Pro Tip: If you love researching stocks, but also feel nervous investing all your money in one company, consider a mix of some individual company stocks and a mutual or index fund. 

Phone with Data

Stock Trading Apps

Increasingly, a lot of young people are turning to investing apps like Robinhood, eToro or Webull. You must be at least 18 years old to use these apps. And while these apps are fine to use, there have been calls to caution young people about them, as they often “game-ify” stock investing. This can make stock trading more fun, but it can often cause people to lose sight of the fact that there is real money at stake, leading some young adults to make high risk decisions. 

While we think it’s great to use apps to invest (including Copper, if you're under 18), we strongly recommend you research any app before using it, especially if it’s your first time investing. 

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Investing

The Power of Investing Early

Ask any investing expert what the most crucial factor to growing wealth is and they will undoubtedly say “time”. This is because of something known as compound interest. 

What is Compound Interest?

You can think of compound interest as a snowball for your money. As your investments grow and make more money, that new money is also reinvested—making even more money!

Let’s explain with some numbers. Using the average historical stock return of 10.5% here's what an initial $5,000 investment with monthly recurring deposits would earn you over time:

Initial Deposit
Monthly Deposits
Investment Time Span
5 years
Future Balance

$16,280

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Hot Tip — The above formula is broken out as:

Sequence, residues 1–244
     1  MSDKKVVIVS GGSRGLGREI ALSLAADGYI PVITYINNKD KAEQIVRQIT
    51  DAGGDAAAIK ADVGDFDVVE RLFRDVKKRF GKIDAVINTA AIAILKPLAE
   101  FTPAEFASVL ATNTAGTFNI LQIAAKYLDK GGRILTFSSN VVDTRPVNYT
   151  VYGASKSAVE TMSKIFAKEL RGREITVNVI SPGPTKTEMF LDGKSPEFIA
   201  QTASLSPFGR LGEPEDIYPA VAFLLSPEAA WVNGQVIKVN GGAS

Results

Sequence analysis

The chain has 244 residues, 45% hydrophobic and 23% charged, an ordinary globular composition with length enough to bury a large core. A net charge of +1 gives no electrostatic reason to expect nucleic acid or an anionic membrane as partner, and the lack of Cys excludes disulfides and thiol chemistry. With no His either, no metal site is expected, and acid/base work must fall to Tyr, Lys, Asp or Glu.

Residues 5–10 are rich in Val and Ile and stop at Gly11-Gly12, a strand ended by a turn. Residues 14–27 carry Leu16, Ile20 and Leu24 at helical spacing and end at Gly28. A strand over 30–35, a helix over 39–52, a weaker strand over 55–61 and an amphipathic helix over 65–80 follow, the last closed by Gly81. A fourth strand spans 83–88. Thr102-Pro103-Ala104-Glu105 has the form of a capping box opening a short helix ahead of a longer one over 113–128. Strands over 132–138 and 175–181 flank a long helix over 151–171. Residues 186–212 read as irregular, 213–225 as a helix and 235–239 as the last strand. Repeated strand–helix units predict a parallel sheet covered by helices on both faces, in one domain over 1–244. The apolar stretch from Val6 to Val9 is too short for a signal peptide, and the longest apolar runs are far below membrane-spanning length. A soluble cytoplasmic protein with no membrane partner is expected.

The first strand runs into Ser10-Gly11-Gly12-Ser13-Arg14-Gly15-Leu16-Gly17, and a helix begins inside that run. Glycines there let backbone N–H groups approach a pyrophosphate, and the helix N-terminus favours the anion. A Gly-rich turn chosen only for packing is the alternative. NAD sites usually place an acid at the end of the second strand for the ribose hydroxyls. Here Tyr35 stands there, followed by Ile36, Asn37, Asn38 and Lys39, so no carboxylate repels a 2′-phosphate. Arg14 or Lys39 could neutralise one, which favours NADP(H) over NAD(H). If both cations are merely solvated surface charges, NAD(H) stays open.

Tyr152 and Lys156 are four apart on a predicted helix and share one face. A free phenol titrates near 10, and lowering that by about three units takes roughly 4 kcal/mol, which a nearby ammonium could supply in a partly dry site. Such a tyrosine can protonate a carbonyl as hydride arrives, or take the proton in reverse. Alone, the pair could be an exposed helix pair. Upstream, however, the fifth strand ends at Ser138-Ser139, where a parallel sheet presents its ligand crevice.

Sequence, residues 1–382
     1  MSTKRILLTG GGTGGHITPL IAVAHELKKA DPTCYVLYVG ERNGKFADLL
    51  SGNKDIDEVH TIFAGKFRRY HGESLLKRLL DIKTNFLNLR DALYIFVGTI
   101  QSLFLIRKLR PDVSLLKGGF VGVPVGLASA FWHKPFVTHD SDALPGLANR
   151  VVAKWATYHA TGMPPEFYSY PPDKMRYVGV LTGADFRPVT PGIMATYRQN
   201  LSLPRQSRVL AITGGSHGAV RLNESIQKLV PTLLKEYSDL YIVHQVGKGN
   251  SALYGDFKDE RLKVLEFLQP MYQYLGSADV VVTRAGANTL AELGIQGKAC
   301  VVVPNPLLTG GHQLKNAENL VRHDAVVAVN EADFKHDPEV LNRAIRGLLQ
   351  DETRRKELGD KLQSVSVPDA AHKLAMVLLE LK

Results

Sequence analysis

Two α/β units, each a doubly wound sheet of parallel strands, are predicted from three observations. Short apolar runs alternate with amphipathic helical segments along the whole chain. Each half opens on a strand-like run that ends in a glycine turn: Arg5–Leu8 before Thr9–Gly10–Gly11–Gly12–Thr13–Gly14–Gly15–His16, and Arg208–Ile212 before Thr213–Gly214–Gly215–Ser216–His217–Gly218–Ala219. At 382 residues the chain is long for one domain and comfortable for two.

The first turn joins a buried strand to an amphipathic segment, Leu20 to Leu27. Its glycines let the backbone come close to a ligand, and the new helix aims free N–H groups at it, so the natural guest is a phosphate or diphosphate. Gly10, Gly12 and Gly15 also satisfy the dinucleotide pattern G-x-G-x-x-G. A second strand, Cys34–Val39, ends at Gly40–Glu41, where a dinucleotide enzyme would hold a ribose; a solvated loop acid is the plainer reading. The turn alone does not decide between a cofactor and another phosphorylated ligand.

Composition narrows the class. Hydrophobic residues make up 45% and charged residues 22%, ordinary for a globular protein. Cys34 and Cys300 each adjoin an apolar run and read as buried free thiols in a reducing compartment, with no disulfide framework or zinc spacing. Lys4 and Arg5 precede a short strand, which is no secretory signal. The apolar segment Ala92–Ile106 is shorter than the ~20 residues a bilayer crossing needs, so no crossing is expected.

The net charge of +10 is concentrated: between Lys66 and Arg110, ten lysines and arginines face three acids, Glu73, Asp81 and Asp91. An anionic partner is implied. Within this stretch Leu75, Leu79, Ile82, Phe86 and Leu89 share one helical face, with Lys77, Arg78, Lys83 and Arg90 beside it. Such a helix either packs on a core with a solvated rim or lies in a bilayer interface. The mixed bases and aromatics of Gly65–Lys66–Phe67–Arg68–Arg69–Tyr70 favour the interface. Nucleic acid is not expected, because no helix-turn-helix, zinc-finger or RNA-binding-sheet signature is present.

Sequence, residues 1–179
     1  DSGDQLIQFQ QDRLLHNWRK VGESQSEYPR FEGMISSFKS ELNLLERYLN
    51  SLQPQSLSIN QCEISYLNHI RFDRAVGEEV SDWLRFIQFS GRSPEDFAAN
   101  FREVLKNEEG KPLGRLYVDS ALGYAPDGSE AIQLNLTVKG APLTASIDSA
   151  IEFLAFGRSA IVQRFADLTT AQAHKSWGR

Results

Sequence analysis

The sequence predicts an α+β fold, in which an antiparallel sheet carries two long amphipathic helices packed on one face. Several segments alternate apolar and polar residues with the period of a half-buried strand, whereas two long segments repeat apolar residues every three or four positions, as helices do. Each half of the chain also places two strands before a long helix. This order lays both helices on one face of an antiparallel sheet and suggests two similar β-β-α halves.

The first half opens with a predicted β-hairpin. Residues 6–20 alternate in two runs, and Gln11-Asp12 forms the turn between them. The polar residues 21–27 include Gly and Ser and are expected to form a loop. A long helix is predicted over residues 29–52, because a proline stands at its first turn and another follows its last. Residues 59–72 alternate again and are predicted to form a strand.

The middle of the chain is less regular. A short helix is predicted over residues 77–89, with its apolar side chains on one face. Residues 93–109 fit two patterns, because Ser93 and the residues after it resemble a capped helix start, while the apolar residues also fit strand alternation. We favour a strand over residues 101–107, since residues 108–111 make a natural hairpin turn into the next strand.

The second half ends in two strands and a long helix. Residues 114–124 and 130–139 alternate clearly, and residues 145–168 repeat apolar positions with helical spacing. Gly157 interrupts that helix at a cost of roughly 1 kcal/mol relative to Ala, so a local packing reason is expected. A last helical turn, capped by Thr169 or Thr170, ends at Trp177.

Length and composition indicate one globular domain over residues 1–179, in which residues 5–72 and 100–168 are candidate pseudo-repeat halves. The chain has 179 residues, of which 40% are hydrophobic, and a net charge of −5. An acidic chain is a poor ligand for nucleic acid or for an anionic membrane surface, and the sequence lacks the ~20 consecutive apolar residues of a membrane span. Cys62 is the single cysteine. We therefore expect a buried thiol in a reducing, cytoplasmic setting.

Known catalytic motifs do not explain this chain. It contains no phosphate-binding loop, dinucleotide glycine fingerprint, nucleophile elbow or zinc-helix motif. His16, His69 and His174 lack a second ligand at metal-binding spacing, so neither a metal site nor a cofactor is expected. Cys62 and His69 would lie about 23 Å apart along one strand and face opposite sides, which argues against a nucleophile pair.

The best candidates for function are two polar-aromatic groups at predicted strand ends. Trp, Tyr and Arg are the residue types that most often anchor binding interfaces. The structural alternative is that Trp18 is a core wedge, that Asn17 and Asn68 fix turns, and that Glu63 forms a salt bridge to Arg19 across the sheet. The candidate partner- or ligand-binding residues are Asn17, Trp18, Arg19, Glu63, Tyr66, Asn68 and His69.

Ok, but what do all those letters mean?
P = Principal = Initial Investment
r = Return = Interest or Return Percent ÷ 100
n = Compound = The number of times your money is reinvested during one year. In this example, we're using monthly, so that's 12 times each year.
t = Time = Number of years
c = Recurring Contribution = The amount you are depositing monthly into your investment account
A = Final Amount = Your initial investment plus monthly contributions plus the interest/return earned

Now let's compare what our investment balance might look like with monthly contributions vs without monthly contributions:

The power of Compound Interest

Without Monthly Contributions
($5,000 Initial)
With Monthly Contributions
($5,000 Initial + $400/month)
After 10 years
After 10 years
After 30 years
After 30 years
After 20 years
After 20 years
$8,433
$14,223
$115,093
$40,460
$39,821
$98,549
$364,662
$1,121,653
After 5 years
After 5 years

In 30 years your $5000 investment would be worth 23 times it's initial value. Once you add in monthly contributions, that number grows exponentially. Using the example above, if you were to start investing at age 15 with monthly contributions, you'd be a millionaire by age 45!